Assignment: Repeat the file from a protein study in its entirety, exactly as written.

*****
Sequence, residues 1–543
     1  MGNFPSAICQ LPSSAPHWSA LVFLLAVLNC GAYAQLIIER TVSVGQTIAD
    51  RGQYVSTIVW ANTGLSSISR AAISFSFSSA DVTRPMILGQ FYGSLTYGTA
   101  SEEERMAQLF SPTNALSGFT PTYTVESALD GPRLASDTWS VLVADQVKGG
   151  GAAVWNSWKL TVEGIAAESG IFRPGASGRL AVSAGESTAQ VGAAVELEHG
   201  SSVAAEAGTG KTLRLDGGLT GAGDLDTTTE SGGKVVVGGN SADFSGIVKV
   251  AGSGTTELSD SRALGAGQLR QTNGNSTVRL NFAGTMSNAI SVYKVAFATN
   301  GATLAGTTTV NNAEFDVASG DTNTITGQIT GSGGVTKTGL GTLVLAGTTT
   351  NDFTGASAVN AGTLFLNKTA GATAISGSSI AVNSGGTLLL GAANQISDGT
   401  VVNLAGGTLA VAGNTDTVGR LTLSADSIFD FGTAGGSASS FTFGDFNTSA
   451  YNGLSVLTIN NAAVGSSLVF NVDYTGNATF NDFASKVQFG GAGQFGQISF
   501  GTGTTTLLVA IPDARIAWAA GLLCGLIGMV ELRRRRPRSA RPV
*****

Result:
Sequence, residues 1–543
     1  MGNFPSAICQ LPSSAPHWSA LVFLLAVLNC GAYAQLIIER TVSVGQTIAD
    51  RGQYVSTIVW ANTGLSSISR AAISFSFSSA DVTRPMILGQ FYGSLTYGTA
   101  SEEERMAQLF SPTNALSGFT PTYTVESALD GPRLASDTWS VLVADQVKGG
   151  GAAVWNSWKL TVEGIAAESG IFRPGASGRL AVSAGESTAQ VGAAVELEHG
   201  SSVAAEAGTG KTLRLDGGLT GAGDLDTTTE SGGKVVVGGN SADFSGIVKV
   251  AGSGTTELSD SRALGAGQLR QTNGNSTVRL NFAGTMSNAI SVYKVAFATN
   301  GATLAGTTTV NNAEFDVASG DTNTITGQIT GSGGVTKTGL GTLVLAGTTT
   351  NDFTGASAVN AGTLFLNKTA GATAISGSSI AVNSGGTLLL GAANQISDGT
   401  VVNLAGGTLA VAGNTDTVGR LTLSADSIFD FGTAGGSASS FTFGDFNTSA
   451  YNGLSVLTIN NAAVGSSLVF NVDYTGNATF NDFASKVQFG GAGQFGQISF
   501  GTGTTTLLVA IPDARIAWAA GLLCGLIGMV ELRRRRPRSA RPV